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Old 10-11-2011, 02:35 PM   #61
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BTW, it's simple to calculate the return on any fixed-payment, life guaranteed SPIA just by using the XRR function on Excel. No charts needed...
At this point, I'm not interested in non-inflation adjusted annuities since they leave too much risk on the table for my taste.
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Old 10-11-2011, 02:52 PM   #62
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Well, that settles that. i am glad that most American companies offer their goods and services as a gift to mankind.

Whew! I'm glad you warned me, I'll stay away from those capitalist annuity hawkers.

Ha
I am known to overstate the obvious........
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Old 10-11-2011, 02:55 PM   #63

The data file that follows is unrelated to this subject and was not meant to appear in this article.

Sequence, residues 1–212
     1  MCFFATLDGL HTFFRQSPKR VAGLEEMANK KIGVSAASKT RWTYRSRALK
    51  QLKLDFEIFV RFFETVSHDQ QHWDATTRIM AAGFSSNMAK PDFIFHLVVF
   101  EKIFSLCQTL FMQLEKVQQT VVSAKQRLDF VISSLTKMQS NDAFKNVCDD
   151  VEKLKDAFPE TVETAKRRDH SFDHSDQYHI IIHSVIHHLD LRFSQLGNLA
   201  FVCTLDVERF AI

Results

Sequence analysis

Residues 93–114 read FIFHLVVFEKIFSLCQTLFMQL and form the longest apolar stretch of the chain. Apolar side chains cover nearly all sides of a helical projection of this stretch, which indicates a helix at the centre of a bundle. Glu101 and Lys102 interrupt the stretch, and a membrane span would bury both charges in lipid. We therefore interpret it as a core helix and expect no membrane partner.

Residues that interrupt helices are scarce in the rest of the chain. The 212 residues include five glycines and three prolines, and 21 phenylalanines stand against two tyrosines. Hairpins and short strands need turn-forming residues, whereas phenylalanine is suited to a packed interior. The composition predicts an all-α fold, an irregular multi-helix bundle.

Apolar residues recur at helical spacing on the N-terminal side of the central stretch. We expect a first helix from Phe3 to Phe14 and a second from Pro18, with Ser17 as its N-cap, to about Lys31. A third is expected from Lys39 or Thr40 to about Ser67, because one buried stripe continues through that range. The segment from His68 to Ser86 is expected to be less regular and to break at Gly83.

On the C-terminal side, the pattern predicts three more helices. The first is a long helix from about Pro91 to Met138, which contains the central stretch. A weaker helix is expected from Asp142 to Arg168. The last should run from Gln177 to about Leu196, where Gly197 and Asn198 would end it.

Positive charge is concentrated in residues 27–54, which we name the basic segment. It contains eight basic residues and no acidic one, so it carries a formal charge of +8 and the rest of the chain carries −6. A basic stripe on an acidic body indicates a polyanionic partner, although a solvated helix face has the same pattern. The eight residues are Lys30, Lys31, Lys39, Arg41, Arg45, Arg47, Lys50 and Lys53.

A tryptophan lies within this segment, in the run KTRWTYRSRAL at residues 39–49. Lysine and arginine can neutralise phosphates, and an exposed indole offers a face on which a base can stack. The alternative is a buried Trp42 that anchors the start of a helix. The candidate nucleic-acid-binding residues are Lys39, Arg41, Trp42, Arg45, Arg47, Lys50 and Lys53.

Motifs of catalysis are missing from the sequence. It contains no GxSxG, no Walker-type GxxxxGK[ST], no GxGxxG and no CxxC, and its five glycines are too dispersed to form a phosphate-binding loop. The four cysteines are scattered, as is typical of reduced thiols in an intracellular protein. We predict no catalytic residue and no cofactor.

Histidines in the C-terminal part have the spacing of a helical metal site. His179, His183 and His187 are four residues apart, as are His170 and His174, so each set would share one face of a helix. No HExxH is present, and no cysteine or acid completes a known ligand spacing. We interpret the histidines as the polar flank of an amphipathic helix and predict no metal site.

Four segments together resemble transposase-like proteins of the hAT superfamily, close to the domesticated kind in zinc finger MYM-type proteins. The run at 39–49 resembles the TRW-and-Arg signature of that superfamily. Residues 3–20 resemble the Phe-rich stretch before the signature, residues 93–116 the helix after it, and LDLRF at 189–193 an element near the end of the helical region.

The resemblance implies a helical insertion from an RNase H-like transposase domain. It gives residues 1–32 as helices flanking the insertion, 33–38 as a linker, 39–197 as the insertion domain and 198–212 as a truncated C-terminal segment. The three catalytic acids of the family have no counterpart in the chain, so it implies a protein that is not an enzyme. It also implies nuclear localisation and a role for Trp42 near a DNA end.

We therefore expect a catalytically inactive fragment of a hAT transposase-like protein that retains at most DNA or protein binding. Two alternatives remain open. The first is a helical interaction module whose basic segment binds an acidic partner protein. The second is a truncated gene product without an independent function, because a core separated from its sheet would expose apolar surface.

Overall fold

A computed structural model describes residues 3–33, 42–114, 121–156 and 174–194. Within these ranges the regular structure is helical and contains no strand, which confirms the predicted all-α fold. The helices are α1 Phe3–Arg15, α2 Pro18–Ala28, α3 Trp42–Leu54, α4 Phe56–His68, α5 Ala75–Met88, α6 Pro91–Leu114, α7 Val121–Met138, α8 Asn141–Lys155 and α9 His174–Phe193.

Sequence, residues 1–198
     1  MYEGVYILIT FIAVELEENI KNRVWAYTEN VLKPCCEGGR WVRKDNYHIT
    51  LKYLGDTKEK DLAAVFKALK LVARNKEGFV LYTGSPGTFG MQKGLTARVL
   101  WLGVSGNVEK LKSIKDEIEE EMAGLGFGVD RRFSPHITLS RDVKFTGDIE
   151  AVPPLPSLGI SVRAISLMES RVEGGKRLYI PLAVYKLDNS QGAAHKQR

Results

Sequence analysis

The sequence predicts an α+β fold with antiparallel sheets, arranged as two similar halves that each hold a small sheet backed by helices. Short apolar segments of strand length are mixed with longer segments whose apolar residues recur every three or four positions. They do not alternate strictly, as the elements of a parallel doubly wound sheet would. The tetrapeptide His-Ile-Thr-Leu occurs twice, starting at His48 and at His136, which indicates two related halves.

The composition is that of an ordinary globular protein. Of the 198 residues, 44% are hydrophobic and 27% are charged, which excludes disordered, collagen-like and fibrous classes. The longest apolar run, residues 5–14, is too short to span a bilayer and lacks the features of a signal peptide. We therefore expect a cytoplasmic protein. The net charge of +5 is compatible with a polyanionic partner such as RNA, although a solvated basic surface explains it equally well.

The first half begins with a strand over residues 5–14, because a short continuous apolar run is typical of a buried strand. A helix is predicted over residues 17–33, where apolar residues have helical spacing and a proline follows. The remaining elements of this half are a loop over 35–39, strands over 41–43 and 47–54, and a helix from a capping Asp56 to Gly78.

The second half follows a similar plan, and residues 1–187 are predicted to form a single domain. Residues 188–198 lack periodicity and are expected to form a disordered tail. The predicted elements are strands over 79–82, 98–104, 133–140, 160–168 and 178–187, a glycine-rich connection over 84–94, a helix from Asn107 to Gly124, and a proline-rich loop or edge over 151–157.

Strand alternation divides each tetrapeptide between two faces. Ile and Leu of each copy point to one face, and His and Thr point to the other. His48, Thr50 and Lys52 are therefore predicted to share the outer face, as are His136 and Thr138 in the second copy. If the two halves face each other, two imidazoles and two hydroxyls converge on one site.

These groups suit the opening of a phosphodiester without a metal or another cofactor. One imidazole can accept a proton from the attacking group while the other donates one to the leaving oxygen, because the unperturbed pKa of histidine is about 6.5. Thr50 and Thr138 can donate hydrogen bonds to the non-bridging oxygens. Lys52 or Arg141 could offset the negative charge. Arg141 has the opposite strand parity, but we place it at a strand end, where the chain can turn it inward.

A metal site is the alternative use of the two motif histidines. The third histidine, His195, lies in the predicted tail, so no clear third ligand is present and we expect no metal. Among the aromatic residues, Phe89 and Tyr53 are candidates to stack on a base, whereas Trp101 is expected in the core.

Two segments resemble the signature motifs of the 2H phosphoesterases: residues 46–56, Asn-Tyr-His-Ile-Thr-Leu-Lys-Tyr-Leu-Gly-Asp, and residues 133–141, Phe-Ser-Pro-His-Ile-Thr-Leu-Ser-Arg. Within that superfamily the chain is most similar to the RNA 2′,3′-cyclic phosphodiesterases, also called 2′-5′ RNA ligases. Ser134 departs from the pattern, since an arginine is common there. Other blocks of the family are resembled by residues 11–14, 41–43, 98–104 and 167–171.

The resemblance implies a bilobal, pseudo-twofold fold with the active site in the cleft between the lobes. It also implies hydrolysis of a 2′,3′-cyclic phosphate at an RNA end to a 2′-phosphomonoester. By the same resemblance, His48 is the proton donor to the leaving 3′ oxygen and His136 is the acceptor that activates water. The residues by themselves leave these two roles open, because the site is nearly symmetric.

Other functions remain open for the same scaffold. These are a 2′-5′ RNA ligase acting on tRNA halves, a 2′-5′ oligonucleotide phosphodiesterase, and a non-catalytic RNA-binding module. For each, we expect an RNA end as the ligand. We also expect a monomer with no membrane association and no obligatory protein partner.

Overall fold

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At this point, I'm not interested in non-inflation adjusted annuities since they leave too much risk on the table for my taste.
You DO KNOW that "inflation-adjusted" annuities are actuarily-based, right? The payments are below those of non-cola annuities, but yes, you get a "bump" every year. All you have to do is live til about age 90 to "beat the system"........
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Old 10-11-2011, 03:01 PM   #64
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You DO KNOW that "inflation-adjusted" annuities are actuarily-based, right? The payments are below those of non-cola annuities, but yes, you get a "bump" every year. All you have to do is live til about age 90 to "beat the system"........
If I'm going to give up all or some of my FIRE portfolio to eliminate investment risk and longevity risk, I don't see the point of leaving inflation risk (very real to me - I lived through the 70's with the "WIN" buttons) on the table. A decade of moderate to high inflation (NOT hyper inflation, just 5% - 10%) compounded will turn that fixed annuity into pocket change pronto.